Keynote Speakers

Adriaan Bax

National Institutes of Health


Adriaan (Ad) Bax is a Dutch-American molecular biophysicist. He was born in the Netherlands and conducted most of his PhD research under the mentorship of Ray Freeman at Oxford University. He currently is the Chief of the Section on Biophysical NMR Spectroscopy at the National Institutes of Health. Bax is a pioneer in the development of advanced nuclear magnetic resonance (NMR) experiments for the study of structure and dynamics of isotopically enriched proteins. Much of his recent work focuses on folding and misfolding of proteins, related to amyloid diseases. In 2002 he was elected a member of the United States National Academy of Sciences and in 2018 he was awarded the Welch Award in Chemistry.

Alana Ogata

University of Toronto


Alana Ogata joined the University of Toronto as an Assistant Professor in the summer of 2021 and is jointly appointed in the Department of Chemistry and the Department of Chemical and Physical Sciences at UTM. As an NSF GFRP fellow, Alana completed her PhD under Dr. Reginald Penner at UC Irvine focused on the development of simple and rapid biosensors based on polymer nanomaterials. Alana was then a postdoctoral fellow with Dr. Joe Patterson at UC Irvine focused on studying the formation mechanisms of metal-organic frameworks by cryotransmission electron microscopy. Alana was then a NIH T32 postdoctoral fellow at the Brigham and Women’s Hospital and Harvard Medical School, under Dr. David Walt, leading COVID19 research using ultrasensitive protein assays to study SARS-CoV-2 antigens in patients, pediatrics, and vaccinated health care workers. Alana now leads a research program at UTM that aims to develop new analytical technologies using bioinspired nanomaterials for applications in disease diagnostics and solve challenges facing women’s health, and has been awarded the 2022 John Polanyi Prize in Chemistry and the Connaught New Researcher Award.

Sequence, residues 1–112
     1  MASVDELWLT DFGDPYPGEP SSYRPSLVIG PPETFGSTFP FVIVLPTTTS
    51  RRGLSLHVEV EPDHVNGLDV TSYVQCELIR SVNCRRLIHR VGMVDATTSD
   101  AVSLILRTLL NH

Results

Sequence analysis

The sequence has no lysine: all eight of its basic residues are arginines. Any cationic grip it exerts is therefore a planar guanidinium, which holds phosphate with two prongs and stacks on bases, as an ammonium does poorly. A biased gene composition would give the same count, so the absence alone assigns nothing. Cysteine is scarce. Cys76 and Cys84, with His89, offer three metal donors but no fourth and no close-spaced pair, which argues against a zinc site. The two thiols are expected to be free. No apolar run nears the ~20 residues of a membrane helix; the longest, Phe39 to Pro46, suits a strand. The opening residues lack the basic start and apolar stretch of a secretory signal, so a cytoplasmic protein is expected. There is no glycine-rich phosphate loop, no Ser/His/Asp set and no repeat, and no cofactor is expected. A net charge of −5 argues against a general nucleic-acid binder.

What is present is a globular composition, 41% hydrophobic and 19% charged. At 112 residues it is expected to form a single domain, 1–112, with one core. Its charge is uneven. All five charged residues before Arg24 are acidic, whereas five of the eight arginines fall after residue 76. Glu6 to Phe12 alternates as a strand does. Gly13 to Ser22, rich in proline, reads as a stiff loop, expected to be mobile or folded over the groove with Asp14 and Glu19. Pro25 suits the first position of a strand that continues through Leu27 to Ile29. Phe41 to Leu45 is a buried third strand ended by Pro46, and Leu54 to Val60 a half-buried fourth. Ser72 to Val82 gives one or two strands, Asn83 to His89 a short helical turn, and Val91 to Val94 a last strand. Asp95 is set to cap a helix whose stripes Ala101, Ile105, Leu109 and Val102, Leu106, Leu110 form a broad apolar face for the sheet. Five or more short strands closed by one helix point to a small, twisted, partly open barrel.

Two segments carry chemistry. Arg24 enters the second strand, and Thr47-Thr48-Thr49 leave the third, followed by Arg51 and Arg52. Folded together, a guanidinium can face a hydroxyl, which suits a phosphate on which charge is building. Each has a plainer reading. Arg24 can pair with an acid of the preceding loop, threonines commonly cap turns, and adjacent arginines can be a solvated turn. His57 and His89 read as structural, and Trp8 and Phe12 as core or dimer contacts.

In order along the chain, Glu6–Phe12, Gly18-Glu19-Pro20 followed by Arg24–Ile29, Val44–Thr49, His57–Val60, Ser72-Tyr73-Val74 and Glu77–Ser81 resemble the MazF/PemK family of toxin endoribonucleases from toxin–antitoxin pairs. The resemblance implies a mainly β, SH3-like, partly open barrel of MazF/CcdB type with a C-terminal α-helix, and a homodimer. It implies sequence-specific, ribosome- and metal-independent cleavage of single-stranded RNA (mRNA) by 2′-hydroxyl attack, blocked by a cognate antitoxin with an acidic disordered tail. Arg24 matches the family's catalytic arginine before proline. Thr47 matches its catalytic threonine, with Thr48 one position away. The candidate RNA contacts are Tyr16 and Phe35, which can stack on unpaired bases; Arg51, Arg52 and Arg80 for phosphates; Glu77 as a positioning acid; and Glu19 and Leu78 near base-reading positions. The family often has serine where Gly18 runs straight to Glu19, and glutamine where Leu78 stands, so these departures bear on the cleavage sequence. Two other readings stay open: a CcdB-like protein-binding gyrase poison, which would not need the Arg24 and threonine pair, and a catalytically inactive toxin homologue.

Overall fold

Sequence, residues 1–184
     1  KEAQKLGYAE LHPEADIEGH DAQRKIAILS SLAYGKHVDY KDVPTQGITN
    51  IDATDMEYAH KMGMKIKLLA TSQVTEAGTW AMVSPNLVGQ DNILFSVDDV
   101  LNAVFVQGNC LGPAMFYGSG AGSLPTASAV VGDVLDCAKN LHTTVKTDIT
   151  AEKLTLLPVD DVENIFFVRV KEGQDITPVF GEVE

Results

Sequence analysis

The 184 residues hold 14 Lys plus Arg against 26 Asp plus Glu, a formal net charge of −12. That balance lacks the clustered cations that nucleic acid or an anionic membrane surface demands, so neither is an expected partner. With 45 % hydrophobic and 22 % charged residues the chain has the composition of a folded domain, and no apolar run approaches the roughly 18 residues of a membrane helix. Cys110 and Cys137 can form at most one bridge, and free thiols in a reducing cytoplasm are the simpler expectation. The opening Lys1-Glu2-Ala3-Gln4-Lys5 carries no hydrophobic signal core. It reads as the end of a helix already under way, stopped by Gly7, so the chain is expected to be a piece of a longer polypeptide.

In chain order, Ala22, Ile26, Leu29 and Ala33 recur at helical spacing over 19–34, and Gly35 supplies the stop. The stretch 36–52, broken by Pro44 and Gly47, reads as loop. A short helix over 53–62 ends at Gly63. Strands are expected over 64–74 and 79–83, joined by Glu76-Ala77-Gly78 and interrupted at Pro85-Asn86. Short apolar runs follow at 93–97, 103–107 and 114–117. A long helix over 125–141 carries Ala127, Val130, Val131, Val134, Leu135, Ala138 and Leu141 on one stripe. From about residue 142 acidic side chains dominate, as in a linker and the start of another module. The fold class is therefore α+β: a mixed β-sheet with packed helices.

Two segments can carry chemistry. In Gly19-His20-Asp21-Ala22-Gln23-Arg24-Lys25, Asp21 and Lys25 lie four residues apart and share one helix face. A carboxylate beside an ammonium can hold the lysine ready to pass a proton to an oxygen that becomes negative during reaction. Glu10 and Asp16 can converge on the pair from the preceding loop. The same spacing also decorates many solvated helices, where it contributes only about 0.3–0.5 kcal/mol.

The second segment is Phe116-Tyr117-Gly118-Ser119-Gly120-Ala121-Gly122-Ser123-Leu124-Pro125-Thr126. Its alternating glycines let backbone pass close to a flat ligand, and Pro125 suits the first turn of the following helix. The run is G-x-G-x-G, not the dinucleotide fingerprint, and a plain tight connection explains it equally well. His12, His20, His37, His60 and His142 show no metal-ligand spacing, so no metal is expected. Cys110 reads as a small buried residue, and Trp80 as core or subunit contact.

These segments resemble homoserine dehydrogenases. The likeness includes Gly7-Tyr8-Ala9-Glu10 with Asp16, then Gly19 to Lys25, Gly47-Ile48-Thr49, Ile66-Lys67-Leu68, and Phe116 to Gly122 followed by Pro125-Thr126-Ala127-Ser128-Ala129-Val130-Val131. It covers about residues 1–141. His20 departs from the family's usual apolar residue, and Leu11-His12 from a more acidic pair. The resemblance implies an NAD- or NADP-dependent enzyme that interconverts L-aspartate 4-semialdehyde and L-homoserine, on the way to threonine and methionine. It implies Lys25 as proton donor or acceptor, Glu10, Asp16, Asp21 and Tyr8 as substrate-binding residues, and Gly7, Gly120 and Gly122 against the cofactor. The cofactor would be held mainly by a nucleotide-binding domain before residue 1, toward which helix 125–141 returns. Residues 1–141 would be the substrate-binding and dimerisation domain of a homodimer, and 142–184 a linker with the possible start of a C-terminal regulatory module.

Gonca Erdemci-Tandogan

Western University


Dr. Gonca Erdemci-Tandogan is an Assistant Professor in the Department of Physics and Astronomy at Western University. Her research focuses on theoretical and computational biophysics with specific expertise in modelling mechanics of cells and tissues, and viruses. She received her Ph.D. in Physics from the University of California, Riverside, where she studied the physics of self-assembly of virus particles, specifically the role of the genome and membrane during viral assembly. After her Ph.D., she worked as a postdoctoral associate at Syracuse University, investigating the mechanisms underlying tissue and organ formation. She was then a postdoctoral fellow at the University of Toronto, where, in close collaborations with experimentalists, she continued to develop verifiable mathematical models and predictions to study the role of tissue mechanics on various embryonic developmental processes. Based on her contributions to the field she was selected as a Rising Star in Engineering in Health by Columbia University. In addition to research, she has been committed to increasing inclusiveness in science by organizing outreach programs, initiating groups for underrepresented scientists and a mentoring program.